|In June 2019, Seoul Metro (major operator of Seoul Metropolitan Subway) announced that 840 air quality sensors had been installed at 277 stations and several trains operating on subway lines 1 to 8 to monitor fine dust levels in real-time. The air quality improved significantly when operation time of the ventilation system and cleaning process were adjusted based on data collected. Results showed that 24.3% decrease in fine dust level and 24.4% decrease in ultrafine dust level at Gangnam station, one of the busiest stations in Seoul. Seoul Metro aims to install 4,432 high-end air purifiers and ambient particulate monitors for PM2.5 in all its stations by 2020.5 (The US EPA defines Particulate Matter 2.5 as pollution that consists of fine inhalable particles, with diameters that are generally 2.5 micrometers and smaller.)|
Seoul Metropolitan Subway lines
|Photo Railway Technology|
Seoul metropolitan subway line 1 was built during 1971-74 and opened to public on 15 August 1974. Line 1 connects larger parts of the Seoul National Capital Area. It runs through the central regions of Seoul city, Incheon station in the south-west, Soyosan Station in the north-east and Sinchang station in the south. Train service is frequently available between Guro, Yongsan, Seoul, Cheongnyangni, Uijeongbu, Dongducheon and Soyosan. The trains have split stations between Byeongjeom and Cheonan in the south and Incheon in the west.
Line 2 was built between 1978 and 1984. It is the longest circular subway line in the world measuring 60.2km. It is also the most heavily used subway line in Seoul. Line 2 connects the central parts of Seoul city. Yongdu Station, which opened on 20 October 2005, was the first station of the Seoul subway system to have operating platform screen doors.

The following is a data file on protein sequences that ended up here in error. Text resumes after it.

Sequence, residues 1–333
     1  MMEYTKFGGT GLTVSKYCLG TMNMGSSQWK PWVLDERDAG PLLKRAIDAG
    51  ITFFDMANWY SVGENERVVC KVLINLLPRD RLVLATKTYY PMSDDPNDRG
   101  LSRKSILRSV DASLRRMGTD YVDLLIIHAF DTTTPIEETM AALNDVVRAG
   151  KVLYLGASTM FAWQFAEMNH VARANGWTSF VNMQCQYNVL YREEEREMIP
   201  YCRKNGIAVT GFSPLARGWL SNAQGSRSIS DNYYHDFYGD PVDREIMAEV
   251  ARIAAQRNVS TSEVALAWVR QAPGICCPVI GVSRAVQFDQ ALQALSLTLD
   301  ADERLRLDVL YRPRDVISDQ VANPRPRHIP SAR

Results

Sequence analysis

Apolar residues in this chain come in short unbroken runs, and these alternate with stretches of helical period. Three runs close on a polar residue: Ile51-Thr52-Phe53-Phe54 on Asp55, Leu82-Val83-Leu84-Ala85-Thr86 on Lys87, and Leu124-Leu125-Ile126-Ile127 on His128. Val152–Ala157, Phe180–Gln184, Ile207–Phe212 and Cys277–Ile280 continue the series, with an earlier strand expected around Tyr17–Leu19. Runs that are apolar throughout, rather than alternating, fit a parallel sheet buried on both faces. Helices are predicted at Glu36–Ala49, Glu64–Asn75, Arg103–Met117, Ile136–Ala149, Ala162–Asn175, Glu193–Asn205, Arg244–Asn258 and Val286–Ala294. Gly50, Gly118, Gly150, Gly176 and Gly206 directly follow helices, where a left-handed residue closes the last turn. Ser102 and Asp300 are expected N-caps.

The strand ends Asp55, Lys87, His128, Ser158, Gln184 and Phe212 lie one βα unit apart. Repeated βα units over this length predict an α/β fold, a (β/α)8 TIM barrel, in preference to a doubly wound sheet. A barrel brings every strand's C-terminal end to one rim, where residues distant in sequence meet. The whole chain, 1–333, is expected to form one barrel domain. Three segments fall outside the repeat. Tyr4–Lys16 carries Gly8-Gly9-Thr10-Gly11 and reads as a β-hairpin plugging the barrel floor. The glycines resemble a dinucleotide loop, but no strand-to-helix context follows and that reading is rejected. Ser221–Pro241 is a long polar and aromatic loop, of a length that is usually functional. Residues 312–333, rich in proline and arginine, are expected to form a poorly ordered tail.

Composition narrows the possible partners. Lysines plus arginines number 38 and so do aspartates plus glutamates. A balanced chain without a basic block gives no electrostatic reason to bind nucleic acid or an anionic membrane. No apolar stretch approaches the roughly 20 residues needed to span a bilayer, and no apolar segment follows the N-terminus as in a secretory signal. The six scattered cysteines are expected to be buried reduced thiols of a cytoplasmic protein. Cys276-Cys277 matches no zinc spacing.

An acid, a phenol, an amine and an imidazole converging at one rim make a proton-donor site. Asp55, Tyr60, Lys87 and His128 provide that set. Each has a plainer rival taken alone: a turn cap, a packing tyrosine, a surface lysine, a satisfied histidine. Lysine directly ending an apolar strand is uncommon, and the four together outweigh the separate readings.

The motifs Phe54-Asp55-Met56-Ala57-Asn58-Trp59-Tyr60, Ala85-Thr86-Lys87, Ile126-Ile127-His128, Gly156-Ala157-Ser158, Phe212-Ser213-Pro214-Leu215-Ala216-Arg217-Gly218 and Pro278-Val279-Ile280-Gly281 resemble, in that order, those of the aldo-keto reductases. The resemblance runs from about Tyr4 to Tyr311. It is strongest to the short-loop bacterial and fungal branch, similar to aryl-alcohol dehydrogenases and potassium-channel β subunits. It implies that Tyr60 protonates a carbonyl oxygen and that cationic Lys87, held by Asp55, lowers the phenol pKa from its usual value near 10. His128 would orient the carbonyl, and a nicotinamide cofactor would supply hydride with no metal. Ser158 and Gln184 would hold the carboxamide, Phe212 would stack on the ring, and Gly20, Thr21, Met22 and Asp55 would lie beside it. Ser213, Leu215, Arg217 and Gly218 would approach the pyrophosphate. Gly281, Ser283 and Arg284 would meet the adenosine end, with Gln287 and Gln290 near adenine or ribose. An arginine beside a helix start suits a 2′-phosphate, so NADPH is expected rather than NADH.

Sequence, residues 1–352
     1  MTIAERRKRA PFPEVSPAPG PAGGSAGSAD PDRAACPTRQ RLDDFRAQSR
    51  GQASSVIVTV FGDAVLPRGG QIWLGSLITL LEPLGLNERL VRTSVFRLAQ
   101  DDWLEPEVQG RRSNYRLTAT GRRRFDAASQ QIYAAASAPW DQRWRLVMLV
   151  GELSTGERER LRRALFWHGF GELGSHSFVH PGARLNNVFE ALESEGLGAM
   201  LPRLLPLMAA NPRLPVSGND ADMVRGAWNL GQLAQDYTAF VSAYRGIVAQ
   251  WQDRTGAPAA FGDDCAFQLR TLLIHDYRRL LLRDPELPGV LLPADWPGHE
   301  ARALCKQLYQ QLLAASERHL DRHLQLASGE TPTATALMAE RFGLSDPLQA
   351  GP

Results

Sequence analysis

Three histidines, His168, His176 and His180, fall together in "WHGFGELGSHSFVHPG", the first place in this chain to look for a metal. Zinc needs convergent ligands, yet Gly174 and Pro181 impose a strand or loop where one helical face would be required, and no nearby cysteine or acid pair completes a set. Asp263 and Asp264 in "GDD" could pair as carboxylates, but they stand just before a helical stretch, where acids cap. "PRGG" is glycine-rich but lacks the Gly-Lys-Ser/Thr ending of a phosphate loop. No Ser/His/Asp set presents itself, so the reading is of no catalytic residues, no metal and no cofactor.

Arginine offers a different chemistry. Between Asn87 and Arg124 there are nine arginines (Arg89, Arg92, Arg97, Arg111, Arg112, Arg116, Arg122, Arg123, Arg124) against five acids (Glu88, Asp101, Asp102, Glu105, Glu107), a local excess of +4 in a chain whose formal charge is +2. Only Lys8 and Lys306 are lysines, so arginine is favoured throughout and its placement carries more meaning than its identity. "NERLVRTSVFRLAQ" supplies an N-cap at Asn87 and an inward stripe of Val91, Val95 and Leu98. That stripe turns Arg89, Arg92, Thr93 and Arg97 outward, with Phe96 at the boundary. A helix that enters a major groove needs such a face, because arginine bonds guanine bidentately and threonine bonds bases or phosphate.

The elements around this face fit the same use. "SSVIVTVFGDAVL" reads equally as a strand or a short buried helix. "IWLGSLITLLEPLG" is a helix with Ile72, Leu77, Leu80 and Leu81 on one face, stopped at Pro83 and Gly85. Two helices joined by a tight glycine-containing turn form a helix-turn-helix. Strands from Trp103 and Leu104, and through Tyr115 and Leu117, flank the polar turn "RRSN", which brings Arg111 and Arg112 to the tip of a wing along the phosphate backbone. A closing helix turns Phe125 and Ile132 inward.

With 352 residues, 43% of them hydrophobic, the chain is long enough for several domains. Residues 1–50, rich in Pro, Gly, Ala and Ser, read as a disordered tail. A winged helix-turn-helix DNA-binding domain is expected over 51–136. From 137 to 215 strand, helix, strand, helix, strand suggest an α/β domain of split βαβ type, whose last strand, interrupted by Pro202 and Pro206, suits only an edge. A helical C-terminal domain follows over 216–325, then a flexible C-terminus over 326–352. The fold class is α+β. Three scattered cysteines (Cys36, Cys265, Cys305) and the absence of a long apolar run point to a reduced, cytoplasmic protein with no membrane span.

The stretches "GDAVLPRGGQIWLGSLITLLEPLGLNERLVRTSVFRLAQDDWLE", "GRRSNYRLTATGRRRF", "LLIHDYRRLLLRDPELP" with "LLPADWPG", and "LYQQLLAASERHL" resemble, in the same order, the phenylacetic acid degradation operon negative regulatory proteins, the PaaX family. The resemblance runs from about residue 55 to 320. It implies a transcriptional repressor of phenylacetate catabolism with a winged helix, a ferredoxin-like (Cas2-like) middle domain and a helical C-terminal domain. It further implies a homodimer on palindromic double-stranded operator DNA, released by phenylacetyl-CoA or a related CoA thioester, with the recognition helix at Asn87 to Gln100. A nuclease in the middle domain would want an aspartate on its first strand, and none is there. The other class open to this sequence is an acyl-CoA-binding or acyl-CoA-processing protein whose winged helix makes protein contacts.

Line 3 was built between 1980 and 1993. The line connects south-eastern Seoul, Gangnam and the north-western end of Seoul to the city centre. Ilsan line and line 3 operate as one combined line.
Line 4 was completed in 1994. The long line connects the north-east to the south-west areas through the old city centre, the Seoul National Capital Area. The line divides into the Ansan and Gwacheon Lines.
Line 5 is the only subway line in Seoul to cross under the Han River and is an important east-west link. The line connects Gimpo International Airport, the Youido business area, downtown Seoul and the Gangdong residential districts. It was constructed between 1990 and 1996 and is the longest fully underground subway line measuring 52.4km.
Line 6 is a u-shaped subway line that passes through northern Seoul. A 4km section of line 6 was opened on 7 August 2000. Another 27km service was started on 15 December 2000. The line measures 35.1km and is represented in ‘brown’. Parts of line 6 are one-directional.
The 46.9 km Line 7 is a north-south line that connects Gangnam directly with northern parts of Seoul without touching the city centre. The line was built between 1990 and 1996 and began operations in 2000.
Line 8 connects the south-eastern parts of Seoul with the satellite city of Songnam. The 17.7km line was completed in 1999.
Bundang Line runs from south-eastern Seoul through northern Seongnam and extends to northern end of Yongin. It is operated by Korail and was opened in September 1994.
Jungang Line is also operated by Korail. The line connects Cheongnyangni with Gyeongju in eastern Seoul. Another line operated by Korail is Gyeongui Line and was opened in 1906. The line became part of the Seoul subway on 1 July 2009.